The West Hartford Eruv
Rabbi Yehoshua ben Levi said: "The eruv of the courtyards was established with the sole purpose of bringing peace."
Midrash Tanchuma Bereshit, chapter 16
The local community eruv is checked and maintained by the West Hartford Eruv Committee, an association comprised laypeople from all of the local Orthodox synagogues under the rabbinic direction of Rabbi Tuvia Brander. A map of the eruv is below. Please check with the rabbi regarding the permissibility of carrying on Shabbat on the inside of any street along the eruv boundary. Some of these issues are listed below the eruv map.
Checking the Eruv's Status
The Eruv's status is updated every Friday (or erev Yom Tov, if a Yom Tov falls on Friday). It can be obtained in the following ways:
Eruv Boundary Issues
- The west side of North Main Street is outside the eruv from just before Sheep Hill Road northward. One cannot walk from North Main Street to Sheep Hill Road from within the eruv. To walk to Agudas Achim, one must walk carefully on the east side of North Main Street, or else use King Philip Drive to Tumblebrook Lane.
- Simsbury Road is outside the eruv. Most of the south side has no sidewalk.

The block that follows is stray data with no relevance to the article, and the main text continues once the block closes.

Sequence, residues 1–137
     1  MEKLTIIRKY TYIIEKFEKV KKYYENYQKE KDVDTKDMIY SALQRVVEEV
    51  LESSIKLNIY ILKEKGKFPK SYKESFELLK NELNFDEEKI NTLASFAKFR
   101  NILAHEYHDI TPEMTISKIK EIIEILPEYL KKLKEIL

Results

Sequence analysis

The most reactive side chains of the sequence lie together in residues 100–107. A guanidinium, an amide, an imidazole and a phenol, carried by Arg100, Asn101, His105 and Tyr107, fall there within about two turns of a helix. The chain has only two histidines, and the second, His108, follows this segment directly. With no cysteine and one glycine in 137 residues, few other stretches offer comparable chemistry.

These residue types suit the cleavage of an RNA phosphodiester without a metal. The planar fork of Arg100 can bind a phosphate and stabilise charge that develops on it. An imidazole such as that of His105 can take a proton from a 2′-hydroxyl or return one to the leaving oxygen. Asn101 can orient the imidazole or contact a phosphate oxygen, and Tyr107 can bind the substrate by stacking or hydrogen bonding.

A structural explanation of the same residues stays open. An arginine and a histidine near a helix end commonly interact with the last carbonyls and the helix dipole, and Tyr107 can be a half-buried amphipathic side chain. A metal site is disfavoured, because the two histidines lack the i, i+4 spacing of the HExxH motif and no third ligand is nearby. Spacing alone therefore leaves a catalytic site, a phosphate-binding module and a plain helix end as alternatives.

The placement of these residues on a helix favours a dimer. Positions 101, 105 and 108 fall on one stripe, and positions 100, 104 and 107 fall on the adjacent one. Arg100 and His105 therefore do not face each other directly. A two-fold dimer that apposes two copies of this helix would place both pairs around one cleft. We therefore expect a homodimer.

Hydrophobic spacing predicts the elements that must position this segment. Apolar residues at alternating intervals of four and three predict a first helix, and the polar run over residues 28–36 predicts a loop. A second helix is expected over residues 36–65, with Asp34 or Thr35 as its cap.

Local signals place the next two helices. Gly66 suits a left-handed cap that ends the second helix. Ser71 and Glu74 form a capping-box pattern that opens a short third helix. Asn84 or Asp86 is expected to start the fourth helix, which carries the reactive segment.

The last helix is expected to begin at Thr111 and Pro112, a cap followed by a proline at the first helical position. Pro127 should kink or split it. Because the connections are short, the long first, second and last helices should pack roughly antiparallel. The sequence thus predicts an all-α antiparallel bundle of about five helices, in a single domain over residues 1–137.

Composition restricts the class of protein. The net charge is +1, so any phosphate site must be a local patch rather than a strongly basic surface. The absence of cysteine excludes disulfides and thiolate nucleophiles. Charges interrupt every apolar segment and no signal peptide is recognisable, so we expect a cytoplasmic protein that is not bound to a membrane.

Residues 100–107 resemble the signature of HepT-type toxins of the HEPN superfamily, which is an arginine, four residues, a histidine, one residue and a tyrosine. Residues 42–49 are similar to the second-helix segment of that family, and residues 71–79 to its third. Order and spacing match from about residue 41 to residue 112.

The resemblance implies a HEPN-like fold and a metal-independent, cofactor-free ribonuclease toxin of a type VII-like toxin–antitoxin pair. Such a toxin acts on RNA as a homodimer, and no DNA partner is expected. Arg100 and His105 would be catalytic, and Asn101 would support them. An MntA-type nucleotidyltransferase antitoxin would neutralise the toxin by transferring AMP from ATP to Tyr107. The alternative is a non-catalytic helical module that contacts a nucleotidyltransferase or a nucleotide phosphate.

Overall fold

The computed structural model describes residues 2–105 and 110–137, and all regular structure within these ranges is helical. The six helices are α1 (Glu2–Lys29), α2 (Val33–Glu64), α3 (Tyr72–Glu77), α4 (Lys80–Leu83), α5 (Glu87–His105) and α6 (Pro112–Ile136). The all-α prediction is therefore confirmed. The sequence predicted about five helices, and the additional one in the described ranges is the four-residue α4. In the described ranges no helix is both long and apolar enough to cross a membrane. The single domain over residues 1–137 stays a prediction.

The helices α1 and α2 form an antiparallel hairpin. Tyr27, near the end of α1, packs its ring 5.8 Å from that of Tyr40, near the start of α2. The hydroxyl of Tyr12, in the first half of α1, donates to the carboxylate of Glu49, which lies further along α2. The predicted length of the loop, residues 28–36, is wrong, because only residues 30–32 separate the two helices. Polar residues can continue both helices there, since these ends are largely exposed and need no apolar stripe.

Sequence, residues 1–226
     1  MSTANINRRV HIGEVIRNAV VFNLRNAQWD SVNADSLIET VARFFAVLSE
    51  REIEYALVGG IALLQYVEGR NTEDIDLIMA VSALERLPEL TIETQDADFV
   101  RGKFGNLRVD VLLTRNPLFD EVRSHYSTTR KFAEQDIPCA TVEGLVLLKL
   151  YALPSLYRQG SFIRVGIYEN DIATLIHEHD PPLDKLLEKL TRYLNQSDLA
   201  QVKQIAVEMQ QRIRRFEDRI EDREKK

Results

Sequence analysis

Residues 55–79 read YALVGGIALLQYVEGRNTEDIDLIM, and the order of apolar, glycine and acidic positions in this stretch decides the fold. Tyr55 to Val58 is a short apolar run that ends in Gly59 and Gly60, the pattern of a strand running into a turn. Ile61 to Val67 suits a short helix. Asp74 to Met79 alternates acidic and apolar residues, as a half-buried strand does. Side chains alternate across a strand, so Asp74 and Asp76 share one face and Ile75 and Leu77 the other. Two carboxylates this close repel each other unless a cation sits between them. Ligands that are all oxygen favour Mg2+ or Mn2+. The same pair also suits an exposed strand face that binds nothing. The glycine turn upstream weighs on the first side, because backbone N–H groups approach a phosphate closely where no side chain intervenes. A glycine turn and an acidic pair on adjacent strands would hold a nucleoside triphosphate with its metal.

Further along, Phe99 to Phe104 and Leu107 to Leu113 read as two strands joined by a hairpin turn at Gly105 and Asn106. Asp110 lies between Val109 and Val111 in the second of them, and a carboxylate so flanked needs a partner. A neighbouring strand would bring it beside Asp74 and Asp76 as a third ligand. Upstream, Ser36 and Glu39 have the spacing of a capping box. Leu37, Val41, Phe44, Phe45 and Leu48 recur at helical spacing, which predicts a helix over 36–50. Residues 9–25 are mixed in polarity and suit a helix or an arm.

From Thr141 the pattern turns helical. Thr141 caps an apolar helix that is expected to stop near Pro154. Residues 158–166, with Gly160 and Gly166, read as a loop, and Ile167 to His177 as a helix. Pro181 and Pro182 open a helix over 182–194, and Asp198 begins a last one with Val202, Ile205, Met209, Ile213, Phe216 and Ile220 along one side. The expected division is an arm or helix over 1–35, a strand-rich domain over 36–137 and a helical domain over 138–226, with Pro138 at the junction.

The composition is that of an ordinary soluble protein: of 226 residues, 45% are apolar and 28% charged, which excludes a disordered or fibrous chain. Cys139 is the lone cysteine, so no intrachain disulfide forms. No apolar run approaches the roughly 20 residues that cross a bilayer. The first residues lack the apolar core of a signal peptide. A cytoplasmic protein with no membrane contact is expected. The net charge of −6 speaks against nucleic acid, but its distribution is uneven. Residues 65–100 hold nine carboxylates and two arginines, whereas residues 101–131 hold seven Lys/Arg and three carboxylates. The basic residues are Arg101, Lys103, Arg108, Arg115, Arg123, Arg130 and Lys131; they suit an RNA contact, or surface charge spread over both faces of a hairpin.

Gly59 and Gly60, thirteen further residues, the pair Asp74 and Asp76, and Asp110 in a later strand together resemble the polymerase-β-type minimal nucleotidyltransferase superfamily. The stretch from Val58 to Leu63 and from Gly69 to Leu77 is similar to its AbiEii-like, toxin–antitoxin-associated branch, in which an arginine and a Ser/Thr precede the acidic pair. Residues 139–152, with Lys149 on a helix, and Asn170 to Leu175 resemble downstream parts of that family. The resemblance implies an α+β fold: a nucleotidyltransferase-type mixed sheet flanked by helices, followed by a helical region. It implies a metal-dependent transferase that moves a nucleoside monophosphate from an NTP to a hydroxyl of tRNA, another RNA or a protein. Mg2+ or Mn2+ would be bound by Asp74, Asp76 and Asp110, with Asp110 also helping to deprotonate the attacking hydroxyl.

- The north sidewalk of Mohawk Drive is outside the eruv east of the intersection with Stoneham Drive. The south sidewalk is inside the eruv.
- The west side of Ledyard Road and the south side of Albany Avenue between Leydard Road and Prospect Avenue are in the eruv. The north sidewalk of Albany Avenue is outside the eruv east of Ledyard Road.
- The west side of Steele Road near Elizabeth Park is in the eruv, except at the intersection with Asylum Avenue. One can remain within the eruv by carefully walking around to the west of the telephone pole on the northwest corner of Asylum Avenue and Steele Road.
The Eruv in the Media
- West Hartford eruv forms imaginary walled city
Ann Marie Somma | Hartford Faith and Values | February 26, 2013
- Beyond power outage: How storm affected CT’s eruvim
Cindy Mindell | Jewish Ledger | November 9, 2011
Rabbi Yehoshua said: "Why do we mix together the courtyards [build eruvin]? In order to follow peaceful ways... and through the eruv the people will make peace."
Jerusalem Talmud, Eruvin 83:2